Minor Release: 20090331
- Servlet forwards are working
Minor Release: 20090319
- Managed query-params now accept multiple parameters of the same name: E.g.: String names — would accept a list of parameters (with the same name) from the request
- Enhanced configuration loading — PrettyFaces now looks for /META-INF/pretty-config.xml by default, in addition to accepting a comma-separated list of user config-files in the web.xml init param: com.ocpsoft.pretty.CONFIG_FILES — submitted by Aleksei Valikov
- JSP support for standard attributes on the pretty:link tag has been fixed. The pretty link will now accept style=’mystyle’ and other attributes — from Derek Hollis at OcpSoft
Setting up PrettyFaces is simple.
Add a comment with your experience or “gotcha!”
Java Server Faces is currently full of relatively undocumented features and behavior. As part of the JSF2 release, OcpSoft is working with a few folks at Seam/Redhat to try to address these issues and provide better documentation.
So you need a way to instantiate the 2.0 FacesContext in a Filter, but when you use the same method that you have in the past, you get NullPointerExceptions all over the place when attempting to access any values through El. The ScopedAttributeElResolver bombs when attempting to set values or access methods in backing beans.) It’s not too hard to get this working again.
A new major release of the PrettyFaces
JSF extension for Bookmarkable/Pretty URLs is now available for download.
A new release of the PrettyFaces
JSF extension for Bookmarkable/Pretty URLs is now availible for download. This release includes several new features.
What makes Pretty URLs in JSF so hard, and so slow?
Speed up development, reduce bandwidth, enhance user experience. This article gives a brief overview of JSF navigation, some of the problems, and potentially how to solve them by enabling bookmarkable, pretty URLs. Put simply… in my view, out of the box, JSF is a web framework designed for web-applications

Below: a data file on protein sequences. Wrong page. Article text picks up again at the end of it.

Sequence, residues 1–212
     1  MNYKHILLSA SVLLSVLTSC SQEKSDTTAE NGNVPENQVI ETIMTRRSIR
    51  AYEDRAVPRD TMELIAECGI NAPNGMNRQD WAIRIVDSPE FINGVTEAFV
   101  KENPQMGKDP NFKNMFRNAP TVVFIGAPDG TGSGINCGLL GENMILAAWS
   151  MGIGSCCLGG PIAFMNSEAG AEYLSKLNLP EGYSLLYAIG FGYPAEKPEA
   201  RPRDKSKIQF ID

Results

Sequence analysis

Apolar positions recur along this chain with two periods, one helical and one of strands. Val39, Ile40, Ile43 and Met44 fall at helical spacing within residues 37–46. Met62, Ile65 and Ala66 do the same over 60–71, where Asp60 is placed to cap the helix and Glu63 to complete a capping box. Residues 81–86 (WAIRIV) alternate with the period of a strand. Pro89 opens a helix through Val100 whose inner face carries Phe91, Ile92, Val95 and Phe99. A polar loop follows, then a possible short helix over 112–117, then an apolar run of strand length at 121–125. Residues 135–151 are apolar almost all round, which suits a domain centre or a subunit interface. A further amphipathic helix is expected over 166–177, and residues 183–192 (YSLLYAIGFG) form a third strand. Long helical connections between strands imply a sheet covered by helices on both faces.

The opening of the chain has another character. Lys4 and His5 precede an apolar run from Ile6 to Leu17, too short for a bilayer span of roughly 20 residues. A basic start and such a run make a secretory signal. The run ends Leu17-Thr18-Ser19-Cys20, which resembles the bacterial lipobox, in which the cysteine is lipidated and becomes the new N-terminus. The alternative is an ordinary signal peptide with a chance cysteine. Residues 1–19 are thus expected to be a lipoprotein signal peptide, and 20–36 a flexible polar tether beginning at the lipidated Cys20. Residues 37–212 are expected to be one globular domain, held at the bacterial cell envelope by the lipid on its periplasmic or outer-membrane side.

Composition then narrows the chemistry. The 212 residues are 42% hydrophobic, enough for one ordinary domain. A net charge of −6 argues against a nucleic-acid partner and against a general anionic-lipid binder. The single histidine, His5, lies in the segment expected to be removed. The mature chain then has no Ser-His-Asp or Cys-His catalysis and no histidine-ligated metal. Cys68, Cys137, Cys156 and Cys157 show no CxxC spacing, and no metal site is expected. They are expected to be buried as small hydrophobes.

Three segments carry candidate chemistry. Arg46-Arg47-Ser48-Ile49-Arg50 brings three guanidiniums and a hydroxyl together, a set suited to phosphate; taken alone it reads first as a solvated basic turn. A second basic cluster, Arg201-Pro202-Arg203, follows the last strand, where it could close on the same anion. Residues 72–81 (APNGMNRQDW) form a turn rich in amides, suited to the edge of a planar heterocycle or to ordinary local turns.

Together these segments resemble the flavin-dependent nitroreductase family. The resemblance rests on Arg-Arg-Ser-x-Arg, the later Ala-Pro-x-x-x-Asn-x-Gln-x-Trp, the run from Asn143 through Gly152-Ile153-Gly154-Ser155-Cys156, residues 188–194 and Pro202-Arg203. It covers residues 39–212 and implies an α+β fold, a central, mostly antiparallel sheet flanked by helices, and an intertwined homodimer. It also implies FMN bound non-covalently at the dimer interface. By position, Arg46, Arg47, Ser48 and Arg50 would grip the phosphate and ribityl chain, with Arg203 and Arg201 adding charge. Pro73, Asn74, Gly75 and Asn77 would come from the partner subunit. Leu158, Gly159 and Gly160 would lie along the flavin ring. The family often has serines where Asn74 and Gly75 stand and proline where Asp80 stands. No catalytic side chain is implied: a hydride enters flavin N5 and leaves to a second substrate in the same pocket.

, not designed for web-sites. PrettyFaces addresses most of these issues.
Target audience for this article:
- The reader is familiar with JSF navigation.
- The reader is attempting to create a JSF app with bookmarkable “pretty” URLs. E.g.: …/mysite/archives/2008/11/11/
- The reader is familiar with HTTP request/response at a basic level.
We’ve gotten a good number of comments from Lincoln’s
latest post on Spring Security and JSF
. A few comments have asked for further code samples on how to get this example working.
We created a runnable project for this example, and it can be downloaded here
Tutorials – What a nightmare
Everyone seems to be going through hell to get a fully functional JSF login page working with Spring Security (formerly Acegi,) and yes, I did too, but there’s an EASY
way to make this happen. And get this:
- It takes just five clear and well written lines of Java code.
First, the solution. Afterwards, the dirty details. (Spring 2.5.2 was used for this example, but this documentation is still relevant for Spring 3.x)
You can find a downloadable working example here
. There is also a followup article on post-authentication redirecting, here